CONSUMERS : Wrongs Committed During Last Rites

Question: I know there are federal regulations that must be obeyed by funeral homes, but I need to know what agency and/or office of the federal government enforces the regulations and where to address a complaint.

When my mother died, she left no estate except a cemetery plot she owned here in the state. During the funeral service a synagogue representative abruptly demanded payment of $800. I told him to send me a bill.

They sent a bill for additional cemetery charges, along with a non-itemized lump-sum charge of $400 and another charge for past-due membership for the last years, when my mother was in guardianship and under custodial care.

I wrote to them four times asking for an itemized bill, and I sent them copies of receipts I have for all cemetery charges and perpetual care. When I tried to order a monument for the grave, I found that nothing can be done without a permit and approval from the temple, so I sent them the $50 fee for a monument permit.


I went ahead and ordered the monument because otherwise the price would go up the first of the year. In the meantime I contacted the cemetery superintendent, who told me that he had orders that nothing is to be done to the grave for the next year! I finally gave in and sent them the money they demanded just so I could be finished with them.

Is a religious organization that is involved in the business of funerals and cemetery ownership/management exempt from regulation? Or must they obey the same regulations as the rest of the funeral industry?


Answer: Except for a handful of exceptions dealing primarily with very small cemeteries, religious organizations involved in the operation of their own cemeteries in California are bound by the rules and regulations covering all similar organizations, according to Jim Allen, the executive officer in Sacramento for the California Board of Funeral Directors and Embalmers.


“But I don’t know what the situation might be in other states. I do know, however, that the business about the monument not being put into place for a year might not have anything to do with the fee or permit required. There’s an orthodox custom that monuments simply aren’t put into place until the first anniversary of the death of the deceased.”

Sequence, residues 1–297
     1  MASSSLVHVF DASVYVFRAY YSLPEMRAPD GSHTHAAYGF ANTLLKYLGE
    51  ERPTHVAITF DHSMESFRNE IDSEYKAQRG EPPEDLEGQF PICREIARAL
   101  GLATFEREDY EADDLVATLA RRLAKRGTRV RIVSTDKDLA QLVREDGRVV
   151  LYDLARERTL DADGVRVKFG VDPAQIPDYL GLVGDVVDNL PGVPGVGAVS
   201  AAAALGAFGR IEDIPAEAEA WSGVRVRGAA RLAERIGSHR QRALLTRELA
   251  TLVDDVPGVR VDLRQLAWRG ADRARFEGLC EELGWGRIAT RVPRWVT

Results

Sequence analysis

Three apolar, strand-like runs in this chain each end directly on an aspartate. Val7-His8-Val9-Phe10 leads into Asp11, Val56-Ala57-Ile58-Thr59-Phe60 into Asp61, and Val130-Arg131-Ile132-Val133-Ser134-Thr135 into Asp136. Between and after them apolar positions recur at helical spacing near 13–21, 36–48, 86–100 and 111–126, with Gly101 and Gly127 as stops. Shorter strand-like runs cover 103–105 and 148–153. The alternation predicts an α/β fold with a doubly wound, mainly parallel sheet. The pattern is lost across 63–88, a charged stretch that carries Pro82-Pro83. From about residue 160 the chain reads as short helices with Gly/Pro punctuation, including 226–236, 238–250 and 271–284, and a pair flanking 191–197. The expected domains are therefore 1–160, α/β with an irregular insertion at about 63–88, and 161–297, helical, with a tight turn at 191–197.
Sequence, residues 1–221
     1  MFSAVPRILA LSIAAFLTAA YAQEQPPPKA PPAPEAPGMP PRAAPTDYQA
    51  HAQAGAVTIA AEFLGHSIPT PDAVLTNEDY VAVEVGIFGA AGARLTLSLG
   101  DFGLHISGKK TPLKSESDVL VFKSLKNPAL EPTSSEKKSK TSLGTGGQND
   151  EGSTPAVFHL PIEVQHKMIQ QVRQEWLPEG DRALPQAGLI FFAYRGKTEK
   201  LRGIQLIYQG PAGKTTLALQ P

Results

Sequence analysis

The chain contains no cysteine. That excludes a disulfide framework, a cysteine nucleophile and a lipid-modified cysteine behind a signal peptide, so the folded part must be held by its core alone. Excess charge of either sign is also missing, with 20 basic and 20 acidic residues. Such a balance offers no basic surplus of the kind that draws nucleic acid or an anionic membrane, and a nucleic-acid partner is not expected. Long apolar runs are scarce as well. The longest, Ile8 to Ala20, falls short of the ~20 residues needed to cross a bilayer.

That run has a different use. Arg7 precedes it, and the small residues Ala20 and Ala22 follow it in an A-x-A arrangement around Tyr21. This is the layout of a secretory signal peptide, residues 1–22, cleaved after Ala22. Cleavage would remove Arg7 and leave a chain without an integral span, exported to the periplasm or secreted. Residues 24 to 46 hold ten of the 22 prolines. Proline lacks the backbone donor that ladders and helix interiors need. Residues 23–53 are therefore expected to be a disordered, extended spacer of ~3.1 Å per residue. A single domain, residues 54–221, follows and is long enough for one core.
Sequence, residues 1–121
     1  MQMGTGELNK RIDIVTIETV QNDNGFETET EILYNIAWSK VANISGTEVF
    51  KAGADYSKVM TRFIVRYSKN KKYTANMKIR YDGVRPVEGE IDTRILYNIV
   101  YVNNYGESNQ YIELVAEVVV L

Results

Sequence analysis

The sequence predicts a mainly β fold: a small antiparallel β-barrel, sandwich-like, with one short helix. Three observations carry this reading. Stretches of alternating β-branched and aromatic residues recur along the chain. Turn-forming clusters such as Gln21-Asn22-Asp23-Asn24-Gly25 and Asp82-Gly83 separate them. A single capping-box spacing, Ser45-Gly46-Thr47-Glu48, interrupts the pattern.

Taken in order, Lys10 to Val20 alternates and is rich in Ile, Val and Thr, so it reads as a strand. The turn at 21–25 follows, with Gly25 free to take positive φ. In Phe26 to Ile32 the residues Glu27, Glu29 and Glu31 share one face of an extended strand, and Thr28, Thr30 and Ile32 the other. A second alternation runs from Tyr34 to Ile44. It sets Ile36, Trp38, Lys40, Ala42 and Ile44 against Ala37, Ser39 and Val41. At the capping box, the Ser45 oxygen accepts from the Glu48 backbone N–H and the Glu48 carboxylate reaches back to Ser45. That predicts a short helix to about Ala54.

The business about not being able to get an itemized breakdown of the bill, however, isn’t so much a matter of state law, Allen adds, but the result of several very stringent regulations promulgated by the Federal Trade Commission in about 1986.

The regulations came after extensive--and frequently acrimonious--hearings before the FTC that began as early as 1972 and that followed on the heels of Ruth Mulvey Harmer’s pioneering book on the funeral industry, “The High Cost of Dying” (1963), and Consumer Reports’ follow-up study, “Funerals: Consumers’ Last Rights” (1977).

And, of course, the FTC regulations about how funeral and cemetery charges must be spelled out, and to what degree, applies regardless of the state involved.

“The only exceptions,” Allen says, “were a couple of states that convinced the FTC that their existing laws were more strict than the FTC’s.”

You can get more information on this by going to the horse’s mouth, Uncle Sam himself. Write to the Consumer Information Center, P.O. Box 100, Pueblo, Colo. 81002, and enclose 50 cents for a copy of “Consumers Guide to the FTC Funeral Rule” (No. 425N).

If, after reading this, you still feel the synagogue was clearly in the wrong, you can file a complaint with the Division of Enforcement, Bureau of Consumer Protection, Federal Trade Commission, Washington, D.C. 20580.